Everything Must Go As Plaza Sells Off Las Vegas Club Sports Memorabilia

The recently-sold Las Vegas Club was once a treasure trove of sports memorabilia, now the stash is being sold in a “pop-up gallery” at Plaza Las Vegas.

Plaza Las Vegas
The impromptu sports memorabilia store is in the former Island Sushi space.

We didn’t know what to expect from this sale, but there’s a surprisingly large amount (numbering in the hundreds) and variety of memorabilia, and most at very reasonable prices.

Plaza sports memorabilia
The world’s oldest sport is wrestling. It’s changed a little since then.

If you’re not in the buying mood, simply strolling the gallery is a walk through sports history (and it’s free to see).

Plaza sports gallery
If you’re not into sports, maybe you’re into history. And if you’re not into history, maybe you’re into frames. Which is weird, but it’s Vegas, so we don’t judge.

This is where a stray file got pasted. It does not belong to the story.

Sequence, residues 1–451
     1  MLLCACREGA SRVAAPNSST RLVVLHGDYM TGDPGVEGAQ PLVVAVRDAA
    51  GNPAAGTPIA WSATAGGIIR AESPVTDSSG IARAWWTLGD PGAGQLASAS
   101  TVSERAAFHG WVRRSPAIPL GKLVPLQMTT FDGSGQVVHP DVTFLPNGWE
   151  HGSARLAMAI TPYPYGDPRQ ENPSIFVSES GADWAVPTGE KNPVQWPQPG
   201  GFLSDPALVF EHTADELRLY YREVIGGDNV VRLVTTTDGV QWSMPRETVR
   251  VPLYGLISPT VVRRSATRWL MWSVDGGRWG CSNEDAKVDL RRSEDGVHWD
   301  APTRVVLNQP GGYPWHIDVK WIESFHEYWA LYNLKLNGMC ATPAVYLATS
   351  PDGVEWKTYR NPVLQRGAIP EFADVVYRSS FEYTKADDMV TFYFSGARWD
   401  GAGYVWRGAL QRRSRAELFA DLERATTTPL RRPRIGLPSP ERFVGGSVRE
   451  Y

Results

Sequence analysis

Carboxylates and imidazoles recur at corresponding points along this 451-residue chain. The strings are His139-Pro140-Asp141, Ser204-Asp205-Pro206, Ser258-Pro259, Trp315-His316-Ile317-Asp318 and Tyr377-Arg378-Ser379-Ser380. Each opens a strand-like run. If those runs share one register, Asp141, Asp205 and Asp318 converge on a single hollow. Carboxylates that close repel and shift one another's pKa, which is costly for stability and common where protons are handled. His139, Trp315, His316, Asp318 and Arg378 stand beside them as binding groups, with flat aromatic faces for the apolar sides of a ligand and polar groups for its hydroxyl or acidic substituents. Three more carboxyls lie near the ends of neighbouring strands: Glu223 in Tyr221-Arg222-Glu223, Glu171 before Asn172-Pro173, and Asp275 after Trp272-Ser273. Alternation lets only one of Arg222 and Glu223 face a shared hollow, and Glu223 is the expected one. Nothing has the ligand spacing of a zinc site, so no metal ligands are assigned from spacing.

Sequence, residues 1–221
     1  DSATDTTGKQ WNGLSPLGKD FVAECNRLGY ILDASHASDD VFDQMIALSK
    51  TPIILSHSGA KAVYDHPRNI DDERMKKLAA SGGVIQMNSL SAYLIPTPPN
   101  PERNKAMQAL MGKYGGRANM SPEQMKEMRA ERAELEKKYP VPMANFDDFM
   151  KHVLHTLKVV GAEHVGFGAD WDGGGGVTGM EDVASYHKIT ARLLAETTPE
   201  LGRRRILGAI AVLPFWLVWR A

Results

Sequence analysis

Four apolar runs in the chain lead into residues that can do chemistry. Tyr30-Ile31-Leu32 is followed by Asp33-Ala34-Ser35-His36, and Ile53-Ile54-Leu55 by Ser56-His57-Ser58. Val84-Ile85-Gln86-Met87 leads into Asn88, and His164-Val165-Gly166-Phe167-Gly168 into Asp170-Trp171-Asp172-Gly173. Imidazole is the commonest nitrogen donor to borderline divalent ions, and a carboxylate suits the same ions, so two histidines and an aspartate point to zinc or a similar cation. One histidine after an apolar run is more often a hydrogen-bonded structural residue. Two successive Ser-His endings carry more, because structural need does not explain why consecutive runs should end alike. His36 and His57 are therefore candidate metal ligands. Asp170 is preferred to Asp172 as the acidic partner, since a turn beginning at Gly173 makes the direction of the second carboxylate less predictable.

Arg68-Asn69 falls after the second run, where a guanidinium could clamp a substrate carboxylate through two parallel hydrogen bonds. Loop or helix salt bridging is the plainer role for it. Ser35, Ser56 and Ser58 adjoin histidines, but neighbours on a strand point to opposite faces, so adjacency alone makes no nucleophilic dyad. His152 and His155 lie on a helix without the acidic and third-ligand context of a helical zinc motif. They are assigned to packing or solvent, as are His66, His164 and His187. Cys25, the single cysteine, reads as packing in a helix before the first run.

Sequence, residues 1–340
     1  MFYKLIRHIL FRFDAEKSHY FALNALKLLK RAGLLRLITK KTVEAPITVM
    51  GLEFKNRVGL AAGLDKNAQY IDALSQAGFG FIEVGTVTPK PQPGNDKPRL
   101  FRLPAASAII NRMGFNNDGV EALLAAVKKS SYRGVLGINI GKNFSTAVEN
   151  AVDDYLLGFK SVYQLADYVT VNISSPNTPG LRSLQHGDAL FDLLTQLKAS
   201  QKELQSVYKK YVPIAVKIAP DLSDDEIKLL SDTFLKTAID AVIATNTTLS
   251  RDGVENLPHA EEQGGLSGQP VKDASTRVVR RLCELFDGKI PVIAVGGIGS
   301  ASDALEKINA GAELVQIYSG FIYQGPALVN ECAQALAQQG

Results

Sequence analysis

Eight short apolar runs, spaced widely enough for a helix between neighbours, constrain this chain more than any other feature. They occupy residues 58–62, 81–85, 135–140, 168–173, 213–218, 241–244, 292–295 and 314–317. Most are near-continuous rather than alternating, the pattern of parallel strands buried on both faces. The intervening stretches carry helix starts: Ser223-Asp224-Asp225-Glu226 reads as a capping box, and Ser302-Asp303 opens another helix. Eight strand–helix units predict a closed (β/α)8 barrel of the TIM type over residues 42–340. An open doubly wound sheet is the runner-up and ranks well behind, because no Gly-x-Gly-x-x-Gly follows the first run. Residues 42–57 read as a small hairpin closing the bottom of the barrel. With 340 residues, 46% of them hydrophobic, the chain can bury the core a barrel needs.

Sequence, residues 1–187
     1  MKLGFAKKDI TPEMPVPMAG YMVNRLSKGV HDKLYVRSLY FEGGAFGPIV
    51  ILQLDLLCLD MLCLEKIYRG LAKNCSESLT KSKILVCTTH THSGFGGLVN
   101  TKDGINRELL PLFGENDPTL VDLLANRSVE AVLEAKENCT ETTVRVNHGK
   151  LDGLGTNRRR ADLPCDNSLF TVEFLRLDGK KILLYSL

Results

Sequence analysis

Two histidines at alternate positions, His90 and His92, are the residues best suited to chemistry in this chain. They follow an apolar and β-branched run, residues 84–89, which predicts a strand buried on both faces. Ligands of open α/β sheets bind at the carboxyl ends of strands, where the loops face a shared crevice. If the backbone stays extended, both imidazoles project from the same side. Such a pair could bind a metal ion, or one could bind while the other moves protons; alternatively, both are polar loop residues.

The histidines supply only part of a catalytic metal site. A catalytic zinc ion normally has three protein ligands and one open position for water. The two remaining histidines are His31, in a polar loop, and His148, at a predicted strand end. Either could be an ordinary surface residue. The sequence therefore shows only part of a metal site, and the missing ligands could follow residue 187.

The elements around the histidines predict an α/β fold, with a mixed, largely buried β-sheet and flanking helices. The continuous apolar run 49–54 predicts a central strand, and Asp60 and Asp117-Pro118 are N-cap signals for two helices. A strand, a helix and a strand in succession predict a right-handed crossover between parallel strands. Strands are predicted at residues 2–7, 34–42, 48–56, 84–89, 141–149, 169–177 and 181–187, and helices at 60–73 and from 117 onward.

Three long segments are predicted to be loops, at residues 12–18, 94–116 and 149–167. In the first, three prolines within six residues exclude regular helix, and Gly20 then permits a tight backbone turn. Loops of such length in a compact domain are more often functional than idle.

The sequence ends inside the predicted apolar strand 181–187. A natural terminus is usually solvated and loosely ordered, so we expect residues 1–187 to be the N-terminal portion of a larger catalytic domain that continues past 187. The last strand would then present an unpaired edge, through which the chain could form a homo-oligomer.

The hot item is a signed Michael Jordan North Carolina Tar Heels basketball jersey. This item is one that doesn’t have a set price, but rather bids are being taken for it. The current bid is $10,000.

Michael Jordan
We are not a sports person, but ten grand for a shirt? And they’ll never get that Sharpie stain out!

Another item we remember seeing in the Las Vegas Club is an autographed bat collection from the 1946-1958 World Series.

Plaza sports
Dibs. Which, we’re pretty sure doesn’t carry a lot of weight in the sports memorabilia world.

The pop-up gallery will be open from 3:00 p.m. to 11:00 p.m., seven days a week.

In a nice gesture, the Plaza is donating 10% of each sale to the UNLV Libraries Special Collections.

Comiskey Park seats
Each of these Comiskey Park (home of the Chicago White Soxe from 1910 to 1990) seats comes with a certificate of authenticity, which will in handy when you’re bragging to your sports nerd pals.

Sports fans may find this everything-must-go sale worth a stop. You’ll not only get a piece of sports history, but also Las Vegas history. The Las Vegas Club opened in 1930 and was purchased by Derek and Greg Stevens, the owners of Golden Gate and The D Las Vegas. After a metric ass-ton of renovations, the former Las Vegas Club is expected to open with a new name and theme.